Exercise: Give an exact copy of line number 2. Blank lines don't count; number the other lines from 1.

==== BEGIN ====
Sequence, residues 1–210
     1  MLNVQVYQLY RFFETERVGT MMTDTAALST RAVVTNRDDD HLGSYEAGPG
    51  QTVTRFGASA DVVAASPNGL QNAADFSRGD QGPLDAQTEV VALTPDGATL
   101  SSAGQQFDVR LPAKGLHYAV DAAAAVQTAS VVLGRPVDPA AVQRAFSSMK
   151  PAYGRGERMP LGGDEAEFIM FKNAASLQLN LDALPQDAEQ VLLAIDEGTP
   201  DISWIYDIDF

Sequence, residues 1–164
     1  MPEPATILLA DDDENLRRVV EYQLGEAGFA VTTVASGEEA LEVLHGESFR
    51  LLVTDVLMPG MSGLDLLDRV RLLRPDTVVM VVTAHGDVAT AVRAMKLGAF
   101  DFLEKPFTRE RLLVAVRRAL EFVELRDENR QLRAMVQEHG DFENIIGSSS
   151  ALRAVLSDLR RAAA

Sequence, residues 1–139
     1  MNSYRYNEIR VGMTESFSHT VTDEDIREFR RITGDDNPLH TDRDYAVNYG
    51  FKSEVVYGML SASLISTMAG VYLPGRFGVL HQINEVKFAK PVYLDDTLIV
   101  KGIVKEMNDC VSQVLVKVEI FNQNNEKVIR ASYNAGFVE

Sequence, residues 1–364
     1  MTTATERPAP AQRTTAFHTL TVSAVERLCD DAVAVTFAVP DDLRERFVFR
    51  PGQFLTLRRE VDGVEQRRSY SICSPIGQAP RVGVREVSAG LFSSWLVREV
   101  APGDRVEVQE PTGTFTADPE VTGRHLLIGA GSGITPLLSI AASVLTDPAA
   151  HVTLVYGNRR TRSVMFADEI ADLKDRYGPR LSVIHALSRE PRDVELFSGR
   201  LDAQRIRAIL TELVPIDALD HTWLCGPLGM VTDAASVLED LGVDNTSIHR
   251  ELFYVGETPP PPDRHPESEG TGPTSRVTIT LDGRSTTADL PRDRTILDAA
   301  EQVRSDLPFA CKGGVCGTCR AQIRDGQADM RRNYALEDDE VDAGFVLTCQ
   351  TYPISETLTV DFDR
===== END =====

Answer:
     1  MLNVQVYQLY RFFETERVGT MMTDTAALST RAVVTNRDDD HLGSYEAGPG